World’s Largest Insurance Company Blames 30% of New York’s Superstorm Sandy Losses on Climate Change
No one has to tell Lloyd’s of London that climate change is for real. In a new report, the world’s oldest and largest insurer says, “Earth’s global climate system is warming. This conclusion is supported by a large body of evidence” from scientists and that “increasing greenhouse gas concentrations in the atmosphere” are “largely due to human activity such as combustion of fossil fuels and land use change.”
Such changes have caused Lloyd’s to blame almost a third of its losses in 2012’s Superstorm Sandy on climate change.
The storm cost the insurance industry about $35 billion in losses. Lloyd’s puts 30% of that, $8 billion, on storm surge in Manhattan caused by rising ocean levels.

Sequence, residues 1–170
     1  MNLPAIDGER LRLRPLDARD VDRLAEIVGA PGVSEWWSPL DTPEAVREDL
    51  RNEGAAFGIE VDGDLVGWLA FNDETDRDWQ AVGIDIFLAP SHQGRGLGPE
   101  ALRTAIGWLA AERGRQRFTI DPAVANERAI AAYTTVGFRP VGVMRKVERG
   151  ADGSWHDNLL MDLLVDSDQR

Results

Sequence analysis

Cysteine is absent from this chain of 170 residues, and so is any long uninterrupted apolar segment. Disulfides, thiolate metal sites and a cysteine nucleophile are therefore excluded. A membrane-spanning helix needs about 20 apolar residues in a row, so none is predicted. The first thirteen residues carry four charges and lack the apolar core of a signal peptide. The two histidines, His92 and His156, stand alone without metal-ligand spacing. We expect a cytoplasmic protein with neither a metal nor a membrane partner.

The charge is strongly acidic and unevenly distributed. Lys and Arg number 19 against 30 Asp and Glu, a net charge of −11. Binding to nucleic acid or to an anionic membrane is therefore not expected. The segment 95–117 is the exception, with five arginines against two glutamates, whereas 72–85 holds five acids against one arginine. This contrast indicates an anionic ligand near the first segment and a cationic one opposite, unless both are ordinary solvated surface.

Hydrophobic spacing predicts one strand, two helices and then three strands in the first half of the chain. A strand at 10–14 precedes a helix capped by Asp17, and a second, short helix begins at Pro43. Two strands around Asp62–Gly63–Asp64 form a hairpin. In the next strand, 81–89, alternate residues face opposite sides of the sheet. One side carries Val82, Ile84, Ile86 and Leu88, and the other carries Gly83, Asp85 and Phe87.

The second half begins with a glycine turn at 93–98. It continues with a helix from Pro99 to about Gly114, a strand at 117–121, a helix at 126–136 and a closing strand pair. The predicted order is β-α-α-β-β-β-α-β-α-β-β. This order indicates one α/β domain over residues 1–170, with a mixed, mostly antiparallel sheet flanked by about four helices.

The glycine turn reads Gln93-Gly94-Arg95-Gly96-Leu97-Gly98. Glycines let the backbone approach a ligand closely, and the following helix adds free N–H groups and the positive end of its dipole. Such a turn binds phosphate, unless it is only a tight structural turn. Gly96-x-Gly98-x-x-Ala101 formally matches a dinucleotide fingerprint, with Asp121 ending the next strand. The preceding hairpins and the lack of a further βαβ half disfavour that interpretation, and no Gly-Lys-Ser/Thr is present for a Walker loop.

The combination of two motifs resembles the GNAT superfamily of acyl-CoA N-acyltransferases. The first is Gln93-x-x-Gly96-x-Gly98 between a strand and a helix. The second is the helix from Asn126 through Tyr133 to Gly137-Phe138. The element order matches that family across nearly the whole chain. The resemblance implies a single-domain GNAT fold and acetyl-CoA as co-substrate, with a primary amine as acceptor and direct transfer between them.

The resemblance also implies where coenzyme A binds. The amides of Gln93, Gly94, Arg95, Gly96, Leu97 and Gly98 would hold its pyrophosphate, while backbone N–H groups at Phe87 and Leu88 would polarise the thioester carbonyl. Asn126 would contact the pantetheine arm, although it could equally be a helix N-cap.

Given the reality of climate change, Lloyd’s advises insurers to update their financial models and start factoring in the effects of global warming.
Lloyd’s notes that the financial costs of climate-change-related damage have skyrocketed from an average of $50 billion a year in the 1980s to $200 billion during the past 10 years.
To Learn More:
Catastrophe Modelling and Climate Change (Lloyd’s)
Lloyd's Calls on Insurers to Take into Account Climate-Change Risk (by Julia Kollewe, The Guardian)
National Climate Assessment (GlobalChange.gov)
Insurers Prepare for Climate Change…Except in U.S (by Noel Brinkerhoff and David Wallechinsky, AllGov)
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